The UK/US relationship is alive and well

The UK government continues to use the potential embarrassment of the White House as an argument against justice and liberty in the UK.

Clare Algar
6 November 2013

Stop Bugging Us public meeting. Image: Oliver Huitson

The voice was German, the topic: Britain. "The prime minister of the motherland of democracy threaten a newspaper? I could not believe that". It sat heavy in the air.

I have just returned from the Mass Surveillance Debate that Henry Porter and others sponsored in London on 4 November. The quote is from Wolfgang Buchner, editor of German news magazine Der Spiegel. The cause of his horror, the spectacle of David Cameron attacking investigative journalism. He was, alas, right to be so unhappy. As the discussion progressed, it became more and more difficult to hold onto any idea of Britain as a place where public interest was more important than the blushes of ministers and securocrats. Britain is, it emerged, the only nation of all those where Edward Snowden's documents have been published and discussed, where a newspaper has been directly threatened by its government.

Guardian editor Alan Rusbridger was one of the invited speakers. He discussed some of the threats to which the Guardian had been subjected. In the audience discussion that followed later Anthony Barnett asked him whether the UK - US special relationship and and threat to its wellbeing had been cited as defining Britain's 'national security' in the attempt to gag the paper. For, Barnett observed, that this has been the cry of the intelligence services some years ago around the rendition of prisoners to torture.

Rusbridger answered that the so-called 'special relationship' had not been explicitly cited as justifying the attempts to menace the Guardian this was implicit in the effort to keep secret the degree of collaboration of Britain's GCHQ with the NSA in the States. But the government did assert that the relationship with the US was part of Britain's national security two weeks ago in a court case against Reprieve's client Abdulhakim Belhaj.

He was rendered along with his pregnant wife to Gadaffi's Libya in 2004. It was a CIA / MI6 operation, with Sir Mark Allen, the then head of the British secret service, writing a letter to Moussa Koussa, the Libyan spy chief, taking credit for the delivery of the 'air cargo'. Mr Belhaj is suing the British government and Jack Straw specifically for his kidnap. The first hearing of the case was two weeks ago.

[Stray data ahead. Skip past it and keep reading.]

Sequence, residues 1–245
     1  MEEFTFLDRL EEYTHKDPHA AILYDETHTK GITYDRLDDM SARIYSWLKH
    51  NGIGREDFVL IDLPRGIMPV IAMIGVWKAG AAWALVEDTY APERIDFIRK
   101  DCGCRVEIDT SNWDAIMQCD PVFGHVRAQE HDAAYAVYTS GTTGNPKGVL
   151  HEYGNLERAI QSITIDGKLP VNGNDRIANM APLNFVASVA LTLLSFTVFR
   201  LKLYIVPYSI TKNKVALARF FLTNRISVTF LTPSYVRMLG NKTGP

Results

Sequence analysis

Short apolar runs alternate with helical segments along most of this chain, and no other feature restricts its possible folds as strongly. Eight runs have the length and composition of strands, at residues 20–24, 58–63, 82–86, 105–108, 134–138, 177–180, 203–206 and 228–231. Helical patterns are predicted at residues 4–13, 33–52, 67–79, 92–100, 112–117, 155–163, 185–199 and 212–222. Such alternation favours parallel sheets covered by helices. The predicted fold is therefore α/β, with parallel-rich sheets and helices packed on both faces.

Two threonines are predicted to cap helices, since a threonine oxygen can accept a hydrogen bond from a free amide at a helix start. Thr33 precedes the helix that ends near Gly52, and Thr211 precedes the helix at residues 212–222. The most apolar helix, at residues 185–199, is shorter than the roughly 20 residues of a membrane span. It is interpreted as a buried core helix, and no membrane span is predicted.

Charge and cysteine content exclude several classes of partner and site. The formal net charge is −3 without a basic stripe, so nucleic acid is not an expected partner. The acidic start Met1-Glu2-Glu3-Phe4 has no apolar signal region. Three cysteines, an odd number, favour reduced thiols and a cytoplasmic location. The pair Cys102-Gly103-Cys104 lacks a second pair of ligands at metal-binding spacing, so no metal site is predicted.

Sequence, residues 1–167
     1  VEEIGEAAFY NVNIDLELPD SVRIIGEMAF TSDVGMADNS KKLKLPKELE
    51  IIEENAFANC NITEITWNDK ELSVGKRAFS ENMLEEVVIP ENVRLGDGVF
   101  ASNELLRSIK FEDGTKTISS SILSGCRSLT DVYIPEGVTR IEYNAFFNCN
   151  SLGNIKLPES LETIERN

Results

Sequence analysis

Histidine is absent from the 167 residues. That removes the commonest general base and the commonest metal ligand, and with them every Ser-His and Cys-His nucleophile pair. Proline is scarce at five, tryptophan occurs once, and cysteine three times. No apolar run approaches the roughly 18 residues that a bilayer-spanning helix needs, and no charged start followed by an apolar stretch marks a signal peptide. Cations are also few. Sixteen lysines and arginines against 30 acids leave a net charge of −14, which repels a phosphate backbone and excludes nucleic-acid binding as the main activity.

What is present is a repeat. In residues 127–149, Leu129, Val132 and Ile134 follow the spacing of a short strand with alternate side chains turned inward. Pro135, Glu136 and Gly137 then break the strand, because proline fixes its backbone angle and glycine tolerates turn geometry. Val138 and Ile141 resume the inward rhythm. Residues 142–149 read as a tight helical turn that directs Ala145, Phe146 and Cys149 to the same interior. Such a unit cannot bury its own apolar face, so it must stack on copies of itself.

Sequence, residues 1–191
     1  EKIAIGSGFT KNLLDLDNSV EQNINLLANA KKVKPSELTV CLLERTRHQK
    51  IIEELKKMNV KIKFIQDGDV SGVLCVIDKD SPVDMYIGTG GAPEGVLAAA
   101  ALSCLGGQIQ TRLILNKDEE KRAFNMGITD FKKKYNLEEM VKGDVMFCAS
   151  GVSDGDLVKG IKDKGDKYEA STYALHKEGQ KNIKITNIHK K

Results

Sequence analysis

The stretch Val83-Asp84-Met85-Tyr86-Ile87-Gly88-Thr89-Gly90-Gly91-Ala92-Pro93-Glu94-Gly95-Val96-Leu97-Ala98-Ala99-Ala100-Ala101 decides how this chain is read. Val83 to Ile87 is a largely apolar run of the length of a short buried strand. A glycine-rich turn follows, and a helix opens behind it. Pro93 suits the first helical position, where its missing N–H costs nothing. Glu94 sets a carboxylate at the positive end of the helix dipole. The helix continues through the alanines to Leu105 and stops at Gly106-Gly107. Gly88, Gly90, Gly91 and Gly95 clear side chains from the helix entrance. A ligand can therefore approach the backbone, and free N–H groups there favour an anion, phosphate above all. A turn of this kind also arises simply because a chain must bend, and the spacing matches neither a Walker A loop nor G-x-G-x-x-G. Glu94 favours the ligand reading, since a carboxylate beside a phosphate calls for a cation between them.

The government proposed that the matter was not justiciable - that is, that the court should not hear it at all. Why? Because the arguments would inevitably involve unpleasant things being said about the United States as well as the UK, and that that would undermine our relationship with the the US. In other words, British justice must be put aside in the interest of sparing the former Bush administration - and by extension, the present Obama White House - any embarrassment.

This is an extraordinary argument to place in front of a court, and it was done with dark mutterings about how the UK's relationship with the US was only just recovering from the terrible damage it suffered in the Binyam Mohamed case. Lest we forget, in that case, an English court found that the intelligence services had known about the grotesque abuse Binyam suffered and had fed questions and intelligence into that abuse. At the culmination of that case, the UK's complicity in torture was remarked upon with scathing disfavour by the judges. The government, incidentally, tried to influence one of the judges to amend his judgment so that it was less damning. The case evidently still embarrases London, though it seems rather less vital to our principle ally: former ambassador Thomas Pickering and Undersecretary of Homeland Security Asa Hutchinson both recently acknowledged that the relationship was too important to be compromised by such scrutiny.

Our intelligence services need better oversight - indeed, at present one might argue that they enjoy no oversight at all: the Intelligence and Security Committee at the time of the Belhaj rendition simply stated that the services had not been involved in rendition. And on a more banal level: are we really expecting the prime minister to rein in the security services when he recently referred to anyone arguing that privacy is important when considering security as "Lah di dah"?

Surely any service engaging in such an massive amount of surveillance must be scrutinised? Instead we see the rise of secret courts and the crippling of judicial review - one of a vanishingly small number of ways in which the public can hope to compel honesty and good conduct from their political leaders and officials.

But at the very least, can we please unhitch our definition of national security from the U.S. so that those whom we have been complicit in kidnapping can face justice and their victims have some redress in our courts?

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